Christopher Romero, M.D.
Tumors, head trauma and, less commonly, the radiation or surgery used to treat them can turn a pituitary gland into a dark star. “The loss of pituitary output depends, of course, on where, when and how it’s damaged,” says pediatric endocrinologist Christopher Romero, “but these sources of hypopituitarism, at least, are understood.”
Romero’s concern, however, is on congenital reasons for pituitary pathology. Specifically, he and mentor Sally Radovick focus on mutations that undermine growth hormone availability. “It’s a starting place,” Romero admits, in a field where the nature of illness varies greatly, biology is murky and, until recently, limited technology has cramped research. “Now our approach, at least, is surer.”
Genomic sequencing is lighting pituitary corners. Last year, for example, in sequencing DNA of children diagnosed with growth hormone deficiency, Radovick’s lab spotted mutations within Pit-1 and Prop-1, two developmental genes that help the anterior pituitary mature into specific endocrine tissues.
More recently, the two clinicians began a Johns Hopkins investigation of kids with either suspected isolated growth hormone deficiency (IGHD) or combined pituitary hormone deficiency (CPHD). Children get the thorough clinical testing that any incoming endocrinology patient has for diagnosis. But there’s an added, extensive clinical going-over to chart the most accurate phenotype possible—something to compare with the gene sequencing to come.
A cheek swab gives enough DNA for sequencing eight candidate genes known to code for pituitary development. Children with the more specific growth hormone deficiency (IGHD) have two additional genes under scrutiny.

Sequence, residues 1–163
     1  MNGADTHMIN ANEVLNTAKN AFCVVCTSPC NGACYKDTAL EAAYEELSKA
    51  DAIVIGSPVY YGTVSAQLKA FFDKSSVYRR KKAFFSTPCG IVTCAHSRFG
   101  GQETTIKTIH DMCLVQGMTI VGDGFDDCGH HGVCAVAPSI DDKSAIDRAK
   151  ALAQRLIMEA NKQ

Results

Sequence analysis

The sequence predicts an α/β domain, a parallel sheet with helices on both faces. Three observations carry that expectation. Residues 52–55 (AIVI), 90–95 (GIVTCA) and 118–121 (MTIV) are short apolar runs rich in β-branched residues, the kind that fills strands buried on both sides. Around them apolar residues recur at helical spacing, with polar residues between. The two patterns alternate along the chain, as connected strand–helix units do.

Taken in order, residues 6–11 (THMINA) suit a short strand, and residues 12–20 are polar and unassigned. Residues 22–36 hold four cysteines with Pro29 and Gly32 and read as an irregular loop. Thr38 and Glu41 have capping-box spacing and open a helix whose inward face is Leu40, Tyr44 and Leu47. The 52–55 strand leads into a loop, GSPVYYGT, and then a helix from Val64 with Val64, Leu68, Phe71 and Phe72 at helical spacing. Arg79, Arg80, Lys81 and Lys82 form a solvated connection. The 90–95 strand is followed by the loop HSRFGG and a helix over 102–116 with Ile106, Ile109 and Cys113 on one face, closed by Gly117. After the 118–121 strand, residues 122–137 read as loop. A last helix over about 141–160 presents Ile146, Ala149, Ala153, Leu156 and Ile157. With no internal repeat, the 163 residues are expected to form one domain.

“What’s hoped,” says Radovick, “is that we’ll find mutations and match them more consistently to patient symptoms—that would give us certainty in diagnosing. And we’d hope to be able to predict inheritance.” With hypopituitarism, genetic counselors currently have little to go on.
Radovick and Romero expect genomic studies like this to uncover new flawed genes. Also, family studies become possible as more mutations are catalogued—the Hopkins group has some family pedigrees already underway. Then clinicians could sort spontaneous mutations from the congenital.
“For now, though, our ability to sequence the genome outpaces our ability to understand it,” says Romero. “For one thing, human variety stands out in endocrinology; we’ll see five teenagers with an identical transcription-factor mutation but we’d never know it, given the course of their disease.”
For another, the deficiencies are a moving target. “A young boy has clear IGHD and no traditional cause,” he says. “We prescribe growth hormone replacement and all looks fine. But later that child—and many others—develops thyroid problems. His mutation has dug a developmental pothole that we couldn’t see coming.”
Yet another confounder: Some developmental genes lower hormone output by affecting how the pituitary sits in the brain. How to factor that into a prognosis?
“For now,” says Romero, “clinical tests for growth hormone are fairly adequate. Replacement hormones are good. We can keep patients healthy. But time’s lost in figuring out what’s wrong. If we could point to mutations with a useful screen, we could be ready to go when a baby’s born. Otherwise, kids potentially miss a chance to grow.”